As Russia was ramping up its invasion of Ukraine, former president Donald Trump chose the moment to hail President Vladimir Putin’s moves as “savvy” and “genius.” Now the military strategist former president has weighed in with his own idea for what the United States could do next. And it’s … something.
At a speech in New Orleans on Saturday night, Trump mused that we could simply apply Chinese flags to our F-22s and then “bomb the s--t out of Russia,” setting off a conflict between those two countries.
“And then we say, China did it, we didn’t do it, China did it, and then they start fighting with each other and we sit back and watch,” Trump said, according to a recording obtained by The Washington Post’s Josh Dawsey.
The audience laughed. A joke, perhaps! But also one about something that might well violate international law. And that’s if you can get past the idea that Russia would ever mistake F-22s — a highly recognizable airplane that the Chinese don’t use — for Chinese aircraft.
“Using the flag of a neutral state or any other state that is not a party to the conflict is prohibited,” said Laurie R. Blank, an expert on international law at Emory University’s law school. “This idea would bring the U.S. into the conflict (because it would be actually engaging in military operations against Russia) and be in violation of the rule prohibiting the use of the flags, emblems or insignia of neutral states or states not party to the conflict.
“It would escalate the conflict dramatically, and the rules on neutrality and neutral states are designed to prevent exactly that.”
Blank cited Article 39(1) of Additional Protocol I to the 1949 Geneva Conventions, which states, “It is prohibited to make use in an armed conflict of the flags or military emblems, insignia or uniforms of neutral or other States not Parties to the conflict."
Other experts say the idea floated by Trump sounds akin to perfidy.
“A ruse like that one is perfidy and violates [international humanitarian law] and customary international law,” said William C. Banks of Syracuse University. “Perfidy in lay terms is treachery.”
Vanderbilt University’s Michael A. Newton, though, noted that perfidy generally deals with misuse of the enemy’s flag, rather than that of a third party.
“It’s a bit of a stretch to argue that misuse of Chinese markings would actually be perfidy in the legal sense, because they’re not even remotely a party to the conflict,” Newton said. “It’d most likely just cause confusion among Russian forces, accompanied of course by immediate video footage to show how unwise such a strategy would be.”
Rosa Brooks of Georgetown University noted that though the law is complex, “the short answer is that putting another state’s insignia on U.S. bombers would be unlawful.”
“Whether it would be considered a war crime (leading to criminal liability) or just a ‘violation’ (leading to loss of protected status) would depend on the specific circumstances,” Brooks wrote in an email.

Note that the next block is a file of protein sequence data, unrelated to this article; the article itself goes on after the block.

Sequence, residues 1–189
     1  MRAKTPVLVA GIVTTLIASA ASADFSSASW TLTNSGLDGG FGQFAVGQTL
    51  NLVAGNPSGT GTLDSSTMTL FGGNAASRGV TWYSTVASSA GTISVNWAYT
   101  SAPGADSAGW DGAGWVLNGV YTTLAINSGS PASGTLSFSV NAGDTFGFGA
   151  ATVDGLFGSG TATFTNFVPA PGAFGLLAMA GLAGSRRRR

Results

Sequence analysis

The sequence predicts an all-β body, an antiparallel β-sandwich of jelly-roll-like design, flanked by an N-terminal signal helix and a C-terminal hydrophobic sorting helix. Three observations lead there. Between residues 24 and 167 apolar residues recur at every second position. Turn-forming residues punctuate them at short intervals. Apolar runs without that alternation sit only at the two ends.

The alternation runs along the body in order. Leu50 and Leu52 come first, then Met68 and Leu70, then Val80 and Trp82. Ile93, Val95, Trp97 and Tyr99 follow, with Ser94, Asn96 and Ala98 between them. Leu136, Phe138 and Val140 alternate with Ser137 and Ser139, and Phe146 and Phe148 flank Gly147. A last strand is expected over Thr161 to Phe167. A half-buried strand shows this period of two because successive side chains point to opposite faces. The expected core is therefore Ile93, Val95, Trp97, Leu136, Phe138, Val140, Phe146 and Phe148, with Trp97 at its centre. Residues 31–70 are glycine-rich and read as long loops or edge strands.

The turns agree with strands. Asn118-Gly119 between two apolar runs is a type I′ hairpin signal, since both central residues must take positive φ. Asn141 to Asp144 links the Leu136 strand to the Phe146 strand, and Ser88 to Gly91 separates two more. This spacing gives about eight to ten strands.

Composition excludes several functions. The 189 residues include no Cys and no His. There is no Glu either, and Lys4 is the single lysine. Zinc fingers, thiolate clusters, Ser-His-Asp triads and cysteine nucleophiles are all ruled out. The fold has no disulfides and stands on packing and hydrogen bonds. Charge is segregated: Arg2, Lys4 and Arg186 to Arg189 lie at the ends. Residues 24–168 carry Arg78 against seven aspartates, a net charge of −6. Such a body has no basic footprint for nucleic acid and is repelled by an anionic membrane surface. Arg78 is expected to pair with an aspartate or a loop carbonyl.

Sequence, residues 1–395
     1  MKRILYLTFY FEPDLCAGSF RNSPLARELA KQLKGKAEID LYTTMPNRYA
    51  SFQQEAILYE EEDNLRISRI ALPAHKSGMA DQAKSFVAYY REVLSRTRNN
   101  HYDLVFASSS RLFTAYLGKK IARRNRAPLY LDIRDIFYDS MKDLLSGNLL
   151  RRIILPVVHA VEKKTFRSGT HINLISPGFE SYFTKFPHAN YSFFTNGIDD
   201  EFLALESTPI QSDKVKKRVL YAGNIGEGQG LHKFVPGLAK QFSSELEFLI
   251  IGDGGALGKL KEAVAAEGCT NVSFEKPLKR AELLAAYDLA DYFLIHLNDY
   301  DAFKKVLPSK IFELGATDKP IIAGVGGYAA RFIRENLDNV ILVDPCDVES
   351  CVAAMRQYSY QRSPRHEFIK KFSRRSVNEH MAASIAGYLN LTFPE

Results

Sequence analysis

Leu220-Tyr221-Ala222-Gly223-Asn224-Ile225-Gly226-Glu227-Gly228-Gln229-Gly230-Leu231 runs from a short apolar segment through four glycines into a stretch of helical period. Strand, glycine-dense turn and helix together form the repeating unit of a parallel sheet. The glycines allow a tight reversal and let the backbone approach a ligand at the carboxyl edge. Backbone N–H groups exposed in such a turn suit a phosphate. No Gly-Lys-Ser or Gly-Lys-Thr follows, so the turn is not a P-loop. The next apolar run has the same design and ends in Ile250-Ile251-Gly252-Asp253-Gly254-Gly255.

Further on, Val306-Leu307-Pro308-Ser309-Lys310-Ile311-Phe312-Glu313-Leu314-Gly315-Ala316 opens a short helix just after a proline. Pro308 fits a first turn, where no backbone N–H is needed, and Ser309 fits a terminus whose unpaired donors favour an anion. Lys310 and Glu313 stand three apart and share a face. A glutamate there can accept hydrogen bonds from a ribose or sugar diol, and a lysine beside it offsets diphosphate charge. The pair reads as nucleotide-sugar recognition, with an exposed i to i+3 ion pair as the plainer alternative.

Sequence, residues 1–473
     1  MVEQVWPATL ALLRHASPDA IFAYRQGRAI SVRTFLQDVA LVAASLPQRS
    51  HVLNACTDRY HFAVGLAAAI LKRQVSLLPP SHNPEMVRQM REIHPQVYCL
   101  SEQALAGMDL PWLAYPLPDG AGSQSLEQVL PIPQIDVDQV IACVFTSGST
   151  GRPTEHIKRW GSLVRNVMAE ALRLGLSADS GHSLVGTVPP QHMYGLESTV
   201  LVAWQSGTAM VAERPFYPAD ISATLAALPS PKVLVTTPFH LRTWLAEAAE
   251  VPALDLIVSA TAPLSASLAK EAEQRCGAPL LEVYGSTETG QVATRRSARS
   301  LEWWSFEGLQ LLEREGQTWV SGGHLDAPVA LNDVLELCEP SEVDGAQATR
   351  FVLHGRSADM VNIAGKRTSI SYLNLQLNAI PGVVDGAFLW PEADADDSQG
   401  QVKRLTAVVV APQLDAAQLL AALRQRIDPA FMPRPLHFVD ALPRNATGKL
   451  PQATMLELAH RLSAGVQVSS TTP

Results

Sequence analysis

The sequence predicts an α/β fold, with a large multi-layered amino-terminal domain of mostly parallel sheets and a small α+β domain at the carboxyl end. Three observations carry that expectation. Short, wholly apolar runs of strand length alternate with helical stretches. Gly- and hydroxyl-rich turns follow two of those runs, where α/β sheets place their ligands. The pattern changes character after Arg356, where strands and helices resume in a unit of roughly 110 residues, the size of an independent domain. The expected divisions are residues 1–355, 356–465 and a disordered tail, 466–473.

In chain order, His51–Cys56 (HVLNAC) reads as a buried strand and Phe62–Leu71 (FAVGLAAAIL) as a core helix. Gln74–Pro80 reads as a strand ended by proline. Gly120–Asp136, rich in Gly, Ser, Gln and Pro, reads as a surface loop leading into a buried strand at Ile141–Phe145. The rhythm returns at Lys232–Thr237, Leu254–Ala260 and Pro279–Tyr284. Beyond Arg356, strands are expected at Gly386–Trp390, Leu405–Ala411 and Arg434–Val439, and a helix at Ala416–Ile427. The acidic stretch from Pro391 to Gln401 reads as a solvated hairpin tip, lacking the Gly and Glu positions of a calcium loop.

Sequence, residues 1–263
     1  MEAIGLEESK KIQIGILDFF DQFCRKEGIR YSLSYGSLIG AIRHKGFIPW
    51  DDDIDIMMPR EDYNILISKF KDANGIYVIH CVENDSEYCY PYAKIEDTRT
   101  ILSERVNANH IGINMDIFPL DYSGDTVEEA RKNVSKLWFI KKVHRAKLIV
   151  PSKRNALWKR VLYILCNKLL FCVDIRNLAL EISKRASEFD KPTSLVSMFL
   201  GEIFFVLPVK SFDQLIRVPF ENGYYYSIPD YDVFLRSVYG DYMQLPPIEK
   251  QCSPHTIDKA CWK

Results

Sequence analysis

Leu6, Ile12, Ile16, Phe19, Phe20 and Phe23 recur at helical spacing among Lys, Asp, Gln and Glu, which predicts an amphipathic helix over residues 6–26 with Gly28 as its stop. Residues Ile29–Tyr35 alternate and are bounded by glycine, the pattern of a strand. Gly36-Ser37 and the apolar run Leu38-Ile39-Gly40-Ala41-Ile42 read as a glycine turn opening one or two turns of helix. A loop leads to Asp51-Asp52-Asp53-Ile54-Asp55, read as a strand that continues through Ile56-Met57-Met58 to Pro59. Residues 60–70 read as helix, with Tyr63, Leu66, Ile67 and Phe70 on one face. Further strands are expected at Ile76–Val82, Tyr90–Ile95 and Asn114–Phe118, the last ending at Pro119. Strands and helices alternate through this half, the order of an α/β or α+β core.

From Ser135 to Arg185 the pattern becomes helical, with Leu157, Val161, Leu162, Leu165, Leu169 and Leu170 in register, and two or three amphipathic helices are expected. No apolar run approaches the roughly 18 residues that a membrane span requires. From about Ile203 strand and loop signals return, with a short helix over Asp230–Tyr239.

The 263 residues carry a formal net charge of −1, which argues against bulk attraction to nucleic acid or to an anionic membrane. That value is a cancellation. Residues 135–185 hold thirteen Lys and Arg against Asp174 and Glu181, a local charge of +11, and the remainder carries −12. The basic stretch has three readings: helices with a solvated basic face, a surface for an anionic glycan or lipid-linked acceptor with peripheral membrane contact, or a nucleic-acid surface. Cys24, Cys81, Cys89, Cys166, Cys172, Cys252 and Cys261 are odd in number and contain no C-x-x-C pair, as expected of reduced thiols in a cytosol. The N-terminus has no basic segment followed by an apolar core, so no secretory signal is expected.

The United States has affirmed the prohibition on using neutral countries’ flags in its military manuals. The U.S. Naval Handbook, for example, says that vessels at sea can use markings to deceive when not engaged in combat. But in the air, “Use in combat of false or deceptive markings to disguise belligerent military aircraft as being of neutral nationality is prohibited.”
Again, a joke perhaps. But it certainly constitutes pretty loose talk from the man who served as commander in chief for four years — and could again one day.
Of course, this is not the first time Trump has proposed bombings (however seriously) that might run afoul of the law. Back in 2020, he spoke of bombing Iranian cultural sites, setting off a rush of assurances from top administration officials that the U.S. military would be doing no such thing:
On Twitter late Saturday, Trump said that the United States was targeting 52 Iranian sites, representing the 52 American hostages taken by Iran four decades ago, and that some of those are “a very high level & important to Iran & the Iranian culture.”The 1954 Hague Convention for the Protection of Cultural Property bans the targeting of cultural sites with military action; there is a provision that allows for a waiver due to “military necessity.”Iran has 24 locations on the U.N. list of cultural world heritage sites.Secretary of State Mike Pompeo, who appeared across the Sunday public affairs shows, struggled to explain Trump’s warning. He did not directly state whether cultural centers in Iran would be considered fair targets, but insisted that any U.S. action would be legal.... Pompeo said Trump’s reference to the 52 potential target sites in Iran was “entirely consistent” with the administration’s message of de-escalation.“Iranian leadership needs to understand that attacking Americans is not cost-free,” Pompeo said during that interview. “Setting out conditions that say these are our expectations, these are the things that America is expecting from you and if you don’t do them, the cost will be clear and direct.”A few hours later, however, Trump contradicted Pompeo by doubling down on his threat of striking cultural sites.“They’re allowed to kill our people,” he told reporters aboard Air Force One during his flight home to Washington. “They’re allowed to torture and maim our people. They’re allowed to use roadside bombs and blow up our people. And we’re not allowed to touch their cultural site? It doesn’t work that way.”